Before I start selling my shares, I need to put this disclaimer up front: In the summer of 2010, SUPERCAPITALIST was one of the projects that passed my desk seeking financial investment. I had actually recommended this project to my boss for further consideration at the time.

Now that the production is completed and has been screened in a theater, would I still recommend it? Unfortunately, I would not. A financial thriller set in Hong Kong, Macau and New York set up as a sophisticated international co-production by a group of young expat talents that might bring Hong Kong film back to the world map of cinema, the film’s premise is indeed intriguing and promising. So, what happened?


“You wouldn’t like me when I’m angry.”

Conner Lee (Derek Ting) works at a New York-based hedge fund firm. When he starts to become a troublemaker for his boss, he is sent to Hong Kong as an expendable asset to “shake things up” in the local market. Arriving in the fragrant harbor, he takes the tourist bus and LKF bar tour. The message “we are in Hong Kong and spend money at random” is repeated, as we see Connor gets sucked into the generic urban life of decadence, which includes junk boat trips with two bikini models for each of his fingers.

Then, a plot suddenly emerges when Conner gets the order to rip off a local tycoon (Richard Ng). In the process of taking over his company, Connor falls for the tycoon’s attractive assistant (Katy Uyen). When he also finds out that he is being double crossed by his own boss (Linus Roache) and the tycoon’s brother (Kenneth Tsang), Conner joins forces with the locals to save the company.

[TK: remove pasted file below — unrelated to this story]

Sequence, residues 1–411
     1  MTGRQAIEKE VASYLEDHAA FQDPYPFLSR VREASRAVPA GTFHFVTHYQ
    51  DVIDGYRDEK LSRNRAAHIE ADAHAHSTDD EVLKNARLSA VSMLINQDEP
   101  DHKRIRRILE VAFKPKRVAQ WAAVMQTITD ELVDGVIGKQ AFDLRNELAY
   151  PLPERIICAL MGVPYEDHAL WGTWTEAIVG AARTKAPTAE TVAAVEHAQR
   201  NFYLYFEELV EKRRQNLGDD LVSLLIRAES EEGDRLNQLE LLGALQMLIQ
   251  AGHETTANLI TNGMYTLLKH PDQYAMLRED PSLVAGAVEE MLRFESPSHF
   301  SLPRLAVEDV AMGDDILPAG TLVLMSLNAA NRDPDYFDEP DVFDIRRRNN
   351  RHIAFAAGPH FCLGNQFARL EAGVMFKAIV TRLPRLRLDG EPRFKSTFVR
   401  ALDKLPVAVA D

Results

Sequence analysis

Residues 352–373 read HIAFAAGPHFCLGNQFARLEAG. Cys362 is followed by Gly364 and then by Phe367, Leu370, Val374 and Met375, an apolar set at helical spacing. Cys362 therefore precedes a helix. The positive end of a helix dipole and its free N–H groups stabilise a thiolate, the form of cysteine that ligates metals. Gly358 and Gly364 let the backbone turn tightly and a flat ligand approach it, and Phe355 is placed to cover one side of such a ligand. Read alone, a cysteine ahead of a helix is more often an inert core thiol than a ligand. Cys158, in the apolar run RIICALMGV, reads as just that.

The way local Hong Kong people are portrayed here should be a cause of concern.  The filmmakers navigate into dangerous waters by implying everyone can be bribed with red pockets in this city. At the same time, Richard Ng’s multi-billion dollar tycoon stubbornly holds on to his family traditions and old-school business models, effectively weakening him as his brother gets established as the greedy villain. Meanwhile, every other local character, including Katy Uyen’s, is mere accessory to the Asian-American hero who saves the day.



“Trust me, you gotta bribe that 7-eleven clerk if you don’t want her to spit on your fish balls!” 


SUPERCAPITALIST is an extremely rare independent Hong Kong feature film effort by expat filmmakers, fueled by the online artist community Alive Not Dead. It is Simon Yin’s first feature film as well as the first lead role for writer-producer Derek Ting. The film and its team clearly aimed for too much, all the while ignoring critical issues like the financial crisis or Hong Kong’s increasing rich-poor gap for the convenience of repeating an old story pattern. Even when Oliver Stone is struggling to pull off a decent financial thriller these days, why should Yin be able to bring anything new to this conference call? The team could have instead achieved much more by taking a cue from MARGIN CALL, which took a minimalistic approach and could’ve been produced easily in Hong Kong for instance.